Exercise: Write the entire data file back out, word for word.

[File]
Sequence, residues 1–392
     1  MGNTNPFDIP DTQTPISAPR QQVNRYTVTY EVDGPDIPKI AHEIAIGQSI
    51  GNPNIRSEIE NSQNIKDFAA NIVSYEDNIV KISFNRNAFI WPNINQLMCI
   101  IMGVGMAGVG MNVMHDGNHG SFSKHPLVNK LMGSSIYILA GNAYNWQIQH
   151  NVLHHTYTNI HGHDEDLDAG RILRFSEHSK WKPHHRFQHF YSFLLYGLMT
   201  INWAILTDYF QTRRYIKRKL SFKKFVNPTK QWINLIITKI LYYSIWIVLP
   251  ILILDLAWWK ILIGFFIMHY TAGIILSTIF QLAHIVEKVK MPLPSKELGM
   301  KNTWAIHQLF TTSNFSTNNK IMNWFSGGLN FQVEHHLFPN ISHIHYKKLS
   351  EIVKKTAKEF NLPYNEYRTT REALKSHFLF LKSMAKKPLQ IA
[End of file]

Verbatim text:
Sequence, residues 1–392
     1  MGNTNPFDIP DTQTPISAPR QQVNRYTVTY EVDGPDIPKI AHEIAIGQSI
    51  GNPNIRSEIE NSQNIKDFAA NIVSYEDNIV KISFNRNAFI WPNINQLMCI
   101  IMGVGMAGVG MNVMHDGNHG SFSKHPLVNK LMGSSIYILA GNAYNWQIQH
   151  NVLHHTYTNI HGHDEDLDAG RILRFSEHSK WKPHHRFQHF YSFLLYGLMT
   201  INWAILTDYF QTRRYIKRKL SFKKFVNPTK QWINLIITKI LYYSIWIVLP
   251  ILILDLAWWK ILIGFFIMHY TAGIILSTIF QLAHIVEKVK MPLPSKELGM
   301  KNTWAIHQLF TTSNFSTNNK IMNWFSGGLN FQVEHHLFPN ISHIHYKKLS
   351  EIVKKTAKEF NLPYNEYRTT REALKSHFLF LKSMAKKPLQ IA